His inhale brightens the reddish-orange cigarette glow which quickly smears into the exhale. A breeze, soft and chill, huddles him into a collar-up shiver. The glow returns, he turns and trails a faint fume into the neon Pabst blinks overhead. I smell it now, in the watch, in the creaky branch-bend overhead, between the twigs wanting leaves in a spring not forthcoming. I leave the concrete bench to its shadows, me the last wanderer as night packs its dark around sunspot circles of streetlights. I anticipate the automatic doors at the hotel and the gush of heated welcome they will offer. I glance back, the hatless stranger gone, the bench grey on the edge of florescent glow. Passing the doors, I go a few blocks further north to a patch of park I saw when approaching earlier in the day. I find a tree, my right shoulder well-accustomed to the bark scratch against windbreaker and the discomfort that fades into a think. Night-talk always makes good conversation in its silence.
The back of my hand against the shaggy bark. “An aging hickory” and my mind smiles at the familiarity. “Such trees have always been my favorite lean.” Huddled into a collar-up shiver I exhale the last of warmth. It momentarily smears my glasses as the wing squeak of an escaping bird leaves the upper boughs. “Not an owl for sure” since the raptor knows only stealth. I scrunch and move to the windbreak side, become part of the packed night in the swaying shadows. A car brings the pulsing bass thumps of music I don’t know, louder in the pass-bye, then a fading smear across the empty bench and the neon Pabst. Be easy to find annoy at this moment, but I don’t. In yesteryears, The Beach Boys boomed from my too loud FM radio, an extra cost option from the standard AM of my Skylark ragtop. Any hint of spring dropped the top, a blasting heater sunshine encouraging late 60’s shenanigans. I remember a 3AM run through the long, straight Highway 12 shot through downtown Fort Atkinson. The flashing yellow signals encouraged a hesitation, buddies on lookout for police, and a dead town, all clear to let the ponies run. Pipes blared, tires barked through 4 gears as the big block 455 ate dual feed, 4 barrel stuffed high octane into exhilaration. In nowyears, my senses come to life in memories and the memories give life to moments in silent night.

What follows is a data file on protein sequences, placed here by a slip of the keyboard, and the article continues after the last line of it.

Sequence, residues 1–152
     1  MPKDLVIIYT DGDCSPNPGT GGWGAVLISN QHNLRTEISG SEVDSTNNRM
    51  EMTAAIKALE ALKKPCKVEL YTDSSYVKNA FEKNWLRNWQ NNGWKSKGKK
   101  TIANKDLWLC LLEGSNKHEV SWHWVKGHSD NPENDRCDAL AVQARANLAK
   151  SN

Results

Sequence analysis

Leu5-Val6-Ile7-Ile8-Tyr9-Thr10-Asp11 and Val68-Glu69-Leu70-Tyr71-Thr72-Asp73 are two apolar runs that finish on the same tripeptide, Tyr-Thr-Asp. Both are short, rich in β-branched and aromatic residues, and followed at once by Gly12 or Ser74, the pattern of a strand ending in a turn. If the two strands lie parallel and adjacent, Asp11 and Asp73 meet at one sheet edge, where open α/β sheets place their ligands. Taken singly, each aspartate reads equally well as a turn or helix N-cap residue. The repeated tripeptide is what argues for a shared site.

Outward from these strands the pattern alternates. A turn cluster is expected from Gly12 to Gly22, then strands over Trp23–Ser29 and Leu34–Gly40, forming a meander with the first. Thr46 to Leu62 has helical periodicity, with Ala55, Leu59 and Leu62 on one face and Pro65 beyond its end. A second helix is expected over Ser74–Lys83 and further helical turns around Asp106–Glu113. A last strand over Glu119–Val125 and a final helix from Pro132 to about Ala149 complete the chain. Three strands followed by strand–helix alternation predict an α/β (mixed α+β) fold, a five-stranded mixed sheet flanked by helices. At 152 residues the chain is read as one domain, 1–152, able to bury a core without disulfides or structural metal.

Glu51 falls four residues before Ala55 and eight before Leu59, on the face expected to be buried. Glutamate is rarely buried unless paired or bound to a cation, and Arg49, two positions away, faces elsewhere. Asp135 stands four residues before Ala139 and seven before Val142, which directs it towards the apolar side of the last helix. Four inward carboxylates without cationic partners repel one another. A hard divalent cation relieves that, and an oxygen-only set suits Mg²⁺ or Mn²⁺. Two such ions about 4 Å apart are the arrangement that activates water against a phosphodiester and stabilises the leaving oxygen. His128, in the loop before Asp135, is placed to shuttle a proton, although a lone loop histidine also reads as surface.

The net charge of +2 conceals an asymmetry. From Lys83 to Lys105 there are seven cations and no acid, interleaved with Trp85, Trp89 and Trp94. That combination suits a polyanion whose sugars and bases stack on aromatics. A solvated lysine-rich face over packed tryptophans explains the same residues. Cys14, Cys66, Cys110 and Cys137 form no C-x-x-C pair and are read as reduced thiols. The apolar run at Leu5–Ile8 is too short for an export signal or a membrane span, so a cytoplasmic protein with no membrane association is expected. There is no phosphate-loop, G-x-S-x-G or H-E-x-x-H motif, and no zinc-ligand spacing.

The stranger, the guy across the street, I let fade without a wave, a word of hello, or a “How ya doin’?” Scenarios – perhaps collecting his thoughts in an alcohol haze after being let go earlier from his job, you know, downsizing. Maybe a guy building courage to face the get-home-didn’t-go-away-anger of a morning argument. Maybe just lonely. Better still, just taking a break from a walk, like me and the hickory and the night. Moving to the sidewalk and into the light of a streetlamp, I head back as a couple starts my way. Didn’t want to start them in finding a lurking, collar-up, hunch of a man in the shadows. No, not so good these days, not so good. I give my best Joey from FRIENDS “How ya doin’?” They pass and nod as I turn into that welcome whoosh of lobby to “call it a night.” In days ahead, I’ll patch together the events of this night, small though they be. A think that I didn’t sit to make lurks somewhere, somewhere in the metaphors and symbols and details of a stop along the way. I’ll remember I wasn’t sure where I was going, but I wanted to be on time. You know, fit into a scenario for that couple that nodded past me or for that guy and his cigarette who must have seen me, too. Or maybe I’ll just let this all sit and enjoy the notice of 45 minutes of God’s peace that, for the most part, I just cannot figure out.
Submitted by Dave Smith for 2018-04-15